Researchers are looking for measurable biological indicators, known as biomarkers, that could help identify children with autism spectrum disorder (ASD) within the first few years of life—before they would typically receive a diagnosis. Establishing accurate biomarkers could inform both research and clinical practice and help improve and expand early ASD screening efforts. A study supported by the National Institute of Mental Health suggests that visual attention to dynamic geometric images may offer one such biomarker for a subset of toddlers with ASD.
The study, led by Karen Pierce, Ph.D., at the University of California, San Diego, builds on previous work by Pierce’s team showing that some toddlers with ASD have a strong visual preference for geometric images. That is, when these toddlers have the option to look at different types of images, they spend a disproportionate amount of time looking at images containing geometric shapes.
Pierce and colleagues hypothesized that this geometric preference might be robust enough to serve as a biomarker for identifying some young children with ASD. They designed a study to find out whether they could replicate their previous findings in a larger, more diverse group of young children.
Notable for its large sample size, the study included 1,863 toddlers with an average age of about 2 years. The researchers recruited families to participate through community referral and population-based screening in health care settings using an approach called Get SET Early. After completing in-depth diagnostic evaluations, the research team classified the toddlers into distinct groups:
- Children with ASD
- Children with some features of ASD
- Children with global developmental delay
- Children with language delay
- Typically developing children
The toddlers watched a 1-minute video that contained geometric images on one side of the screen and images of children doing yoga on the other side of the screen. The researchers used eye-tracking technology to follow and measure what the toddlers looked at as they watched the video—the overall proportion of time each toddler spent looking at the geometric images served as a measure of geometric preference. Details about this approach, called the GeoPref Test, and example video clips are available on the UC San Diego Autism Center of Excellence website.
The data showed that, overall, toddlers with ASD spent relatively more time looking at geometric images, and some children with ASD fixated on the geometric images more than 90% of the time. In contrast, toddlers in the other groups—children with global developmental delay, children with learning delay, typically developing children, and typically developing children who had siblings with ASD—showed a preference for the images with children.
When the researchers examined the data from toddlers with ASD, they found that their visual preferences were associated with their clinical measures. Specifically, toddlers with ASD who strongly preferred geometric images also had higher symptom scores, lower cognitive ability scores, and lower adaptive behavior scores than toddlers with ASD who strongly preferred images showing children.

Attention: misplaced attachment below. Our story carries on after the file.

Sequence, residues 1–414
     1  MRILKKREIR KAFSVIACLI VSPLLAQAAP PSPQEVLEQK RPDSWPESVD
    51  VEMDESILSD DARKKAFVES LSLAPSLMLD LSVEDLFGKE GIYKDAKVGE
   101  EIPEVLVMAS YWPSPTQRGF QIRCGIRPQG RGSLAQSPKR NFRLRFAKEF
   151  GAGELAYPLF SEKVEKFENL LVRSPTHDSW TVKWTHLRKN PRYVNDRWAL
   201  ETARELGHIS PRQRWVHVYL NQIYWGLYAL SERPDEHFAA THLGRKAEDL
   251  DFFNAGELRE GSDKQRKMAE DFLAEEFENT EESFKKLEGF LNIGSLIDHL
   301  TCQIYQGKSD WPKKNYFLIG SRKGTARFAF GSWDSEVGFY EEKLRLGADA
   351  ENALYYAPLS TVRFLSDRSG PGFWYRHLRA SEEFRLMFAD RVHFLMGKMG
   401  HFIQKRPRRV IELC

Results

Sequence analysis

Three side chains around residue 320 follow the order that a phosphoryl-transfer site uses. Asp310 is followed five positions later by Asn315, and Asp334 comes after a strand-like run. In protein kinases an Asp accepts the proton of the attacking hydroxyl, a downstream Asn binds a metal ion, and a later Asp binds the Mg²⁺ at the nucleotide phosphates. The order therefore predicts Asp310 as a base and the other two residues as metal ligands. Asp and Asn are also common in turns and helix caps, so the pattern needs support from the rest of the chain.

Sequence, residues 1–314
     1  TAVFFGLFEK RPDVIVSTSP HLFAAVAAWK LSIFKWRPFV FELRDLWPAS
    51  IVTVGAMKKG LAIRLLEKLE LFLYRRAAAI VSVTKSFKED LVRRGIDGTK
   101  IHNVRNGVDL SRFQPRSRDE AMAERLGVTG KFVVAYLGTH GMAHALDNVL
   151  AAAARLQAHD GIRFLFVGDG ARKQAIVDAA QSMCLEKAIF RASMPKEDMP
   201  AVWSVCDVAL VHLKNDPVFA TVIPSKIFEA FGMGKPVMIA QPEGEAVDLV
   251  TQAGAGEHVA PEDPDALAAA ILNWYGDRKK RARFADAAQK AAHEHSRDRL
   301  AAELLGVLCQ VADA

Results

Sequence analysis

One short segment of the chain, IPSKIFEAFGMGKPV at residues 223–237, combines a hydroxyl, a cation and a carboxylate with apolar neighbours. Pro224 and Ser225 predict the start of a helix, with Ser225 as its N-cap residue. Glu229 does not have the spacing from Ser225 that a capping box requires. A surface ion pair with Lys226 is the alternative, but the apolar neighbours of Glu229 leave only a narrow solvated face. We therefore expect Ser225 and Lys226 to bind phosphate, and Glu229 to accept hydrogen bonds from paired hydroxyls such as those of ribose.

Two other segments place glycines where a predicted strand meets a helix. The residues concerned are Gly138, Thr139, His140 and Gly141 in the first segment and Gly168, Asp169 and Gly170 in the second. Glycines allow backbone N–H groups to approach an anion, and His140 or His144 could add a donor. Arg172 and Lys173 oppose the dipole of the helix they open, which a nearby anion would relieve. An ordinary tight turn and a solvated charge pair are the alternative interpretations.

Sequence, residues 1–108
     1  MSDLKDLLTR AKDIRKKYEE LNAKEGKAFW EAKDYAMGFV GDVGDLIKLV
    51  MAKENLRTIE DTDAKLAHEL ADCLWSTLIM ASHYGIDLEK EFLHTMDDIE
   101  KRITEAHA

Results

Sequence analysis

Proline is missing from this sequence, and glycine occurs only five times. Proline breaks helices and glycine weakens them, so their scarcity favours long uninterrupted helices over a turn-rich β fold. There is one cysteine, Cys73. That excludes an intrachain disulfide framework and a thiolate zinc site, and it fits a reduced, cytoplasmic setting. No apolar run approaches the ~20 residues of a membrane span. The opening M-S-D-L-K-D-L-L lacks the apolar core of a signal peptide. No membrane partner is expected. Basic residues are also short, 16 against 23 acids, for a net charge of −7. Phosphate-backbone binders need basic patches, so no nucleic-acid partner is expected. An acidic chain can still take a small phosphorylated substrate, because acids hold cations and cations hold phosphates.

The researchers found that their simple measure of geometric preference—proportion of time spent looking at geometric images—accurately distinguished toddlers with ASD from toddlers without ASD with few false positives.
Additional data suggested that geometric preference remained stable over the 12 months following the initial eye tracking session. Using modern bioinformatics techniques, the researchers confirmed the statistical robustness of their findings.
According to Pierce and colleagues, the study shows that the geometric preference measure can serve as an objective, accurate, and reliable biomarker of an ASD subtype.
The fact that the geometric preference measure was accurate in a large, diverse, community-based sample that included toddlers with non-ASD developmental delays suggests the measure may have use in real-world clinical settings and in research. If validated in further studies, this measure may offer a low-cost, scalable tool for screening and identification that could help some toddlers with ASD receive earlier diagnosis and access to services.
Additional research examining the mechanisms, including possible genetic links, that drive preferences for geometric images can help researchers better understand variation among children with ASD.
Wen, T. H., Cheng, A., Andreason, C., Zahiri, J., Xiao, Y., Xu, R., Bao, B., Barnes, C. C., Arias, S. J., & Pierce, K. (2022). Large scale validation of an early-age eye-tracking biomarker of an autism spectrum disorder subtype. Scientific Reports, 12, Article 4253. https://doi.org/10.1038/s41598-022-08102-6
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